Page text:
We were not the first investigators to think that Michael might have had Jewish heritage, though most Servetologists denied this possibility. Since an idea or opinion is a worthless hypothesis if it is not demonstrated with documentary data, we decided to research Servetus's ancestors. As we where investigating his maternal line we discovered protocols in the notarial archives of Zaragoza that demonstrated that the maternal family of Michael belonged to the Jewish-converso family the Zaporta. In 1999 by a newly discovered notarial protocol on the aunt of Michael, Beatriz Conesa, we established that his maternal grandmother, Beatriz Zaporta, was the sister of the important merchant (banker) Mr Gabriel Zaporta. Once we demonstrated in 1999, for the first time with verifiable documents, the Jewish converso heritage of Michael, we thought it was necessary to check all the existing data on his life; for we thought that his story, which many presented as a truth without fissures, could be a fiction. So we studied the data of “ Michael Servetus” and of “Michael de Villanueva”. We saw that some important data had been partially transcribed by some servetologists. In order to authenticate this research we sought the original manuscripts of the official documents of Michael's registration at the University of Paris; the complete original royal document of French Naturalization of Michael de Villanueva; the diocese registry of his brother, Juan Servetus;resgister of the Crown of Castilla's retinue for the coronation of Charles V, declaration of the Dean of Paris University, Jean Tagault, against Michael de Villanueva; Jewish-converso notaries from Zaragoza named De Villanueva; Jewish conversos named De Villanueva at Tudela de Navarre, Nuns from Villanueva de Sijena at Tudela, etc.
Finally, in March 2011, we published the result of all our research into Servet's life and work in one book, The love for truth. Life and work of Michael Servetus. (El amor a la verdad. Vida y obra de Miguel Servet). We believe, based on Michael's own words, that it was his love for truth that made Michael confront, once and again, intolerance and injustice. The work has more than 600 pages and 1000 footnotes. It also contains graphical documents some of them appearing for the first time, for we do not think it is valid or serious to claim a document exists without showing it. For this reason in this website we show a summary of his life and work, followed by graphical reproduction of the related documents.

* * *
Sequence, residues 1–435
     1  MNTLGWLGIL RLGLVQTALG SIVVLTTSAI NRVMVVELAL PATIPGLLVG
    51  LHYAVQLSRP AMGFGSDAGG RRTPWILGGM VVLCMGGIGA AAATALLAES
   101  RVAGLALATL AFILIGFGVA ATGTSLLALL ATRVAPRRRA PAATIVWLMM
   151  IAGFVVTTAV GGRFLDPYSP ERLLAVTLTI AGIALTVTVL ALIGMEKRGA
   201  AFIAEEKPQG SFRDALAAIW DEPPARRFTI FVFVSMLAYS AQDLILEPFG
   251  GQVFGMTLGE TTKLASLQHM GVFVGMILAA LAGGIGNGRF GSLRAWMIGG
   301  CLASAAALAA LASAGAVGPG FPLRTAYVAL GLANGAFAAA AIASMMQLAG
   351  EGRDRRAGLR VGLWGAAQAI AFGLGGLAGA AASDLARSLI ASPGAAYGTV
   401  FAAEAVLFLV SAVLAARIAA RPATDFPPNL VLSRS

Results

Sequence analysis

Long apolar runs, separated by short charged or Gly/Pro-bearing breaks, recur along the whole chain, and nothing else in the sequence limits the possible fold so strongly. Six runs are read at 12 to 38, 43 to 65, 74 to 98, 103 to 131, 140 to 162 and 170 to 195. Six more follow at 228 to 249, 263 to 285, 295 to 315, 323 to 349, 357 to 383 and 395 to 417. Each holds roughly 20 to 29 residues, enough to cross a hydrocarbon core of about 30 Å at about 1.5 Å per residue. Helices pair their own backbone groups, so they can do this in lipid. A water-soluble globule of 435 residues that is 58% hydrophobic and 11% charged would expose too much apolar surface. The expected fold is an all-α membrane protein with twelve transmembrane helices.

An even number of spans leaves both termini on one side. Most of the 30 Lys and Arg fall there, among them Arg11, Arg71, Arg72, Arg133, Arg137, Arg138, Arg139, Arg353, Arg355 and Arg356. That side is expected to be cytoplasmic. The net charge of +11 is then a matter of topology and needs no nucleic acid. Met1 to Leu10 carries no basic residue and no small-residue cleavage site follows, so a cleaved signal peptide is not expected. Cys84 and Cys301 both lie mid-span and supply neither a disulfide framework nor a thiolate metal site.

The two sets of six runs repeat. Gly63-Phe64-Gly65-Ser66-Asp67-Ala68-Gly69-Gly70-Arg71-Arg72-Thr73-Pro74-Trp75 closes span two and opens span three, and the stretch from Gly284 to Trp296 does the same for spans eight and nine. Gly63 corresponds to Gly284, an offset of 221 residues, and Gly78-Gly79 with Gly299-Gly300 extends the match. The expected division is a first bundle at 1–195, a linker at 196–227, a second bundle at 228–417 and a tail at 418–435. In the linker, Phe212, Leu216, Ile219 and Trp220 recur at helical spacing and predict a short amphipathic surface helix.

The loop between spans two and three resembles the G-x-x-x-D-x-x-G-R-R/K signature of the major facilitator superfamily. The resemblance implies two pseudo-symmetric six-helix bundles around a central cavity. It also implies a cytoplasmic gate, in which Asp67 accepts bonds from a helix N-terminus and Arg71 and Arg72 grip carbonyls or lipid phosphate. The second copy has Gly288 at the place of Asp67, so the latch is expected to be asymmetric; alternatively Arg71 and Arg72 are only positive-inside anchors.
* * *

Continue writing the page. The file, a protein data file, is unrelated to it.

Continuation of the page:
The truth is that before going inside that old loft our knowledge of Servetus was limited to what we had been taught at the Faculty of Medicine: that he had discovered the minor circulation of the blood and some general data. There is an episode that Maite and I remember. It happened 30 years ago, in 1982. While touring France we stopped in the town of Annemasse. We were strolling by a garden when we spotted a statue in the distance. We felt curious and we got closer to it. We were moved and touched by the view of Michael with a suffering expression, dressed in rags, serenely waiting...We also remember saying : “Poor man! But, how did they do this to him? He had done nothing!...”
Even now, Maite and I are moved when we remember that image and what we felt before it. Perhaps it is better that Michael ends this presentation with his very words, some of the many he transmitted to us in his writing. Maybe if mankind would take this words up again, many of the conflicts that ravage us would be peacefully solved, and we would learn to tolerate the different, and different opinions.
“Inherent of human condition is the sickness of believing the rest are impostors and heathen, and not ourselves, because nobody recognizes his own mistakes[..]If one must condemn everyone that misses in a particular point then every mortal would have to be burnt a thousand times. The apostles and Luther himself have been mistaken[..] If I have taken the word, by any reason, it has been because I think it is grave to kill men, under the pretext that they are mistaken on the interpretation of some point, for we know that even the chosen ones are not exempt from sometimes being wrong”
Translated by Otis Towns & Miguel González Ancín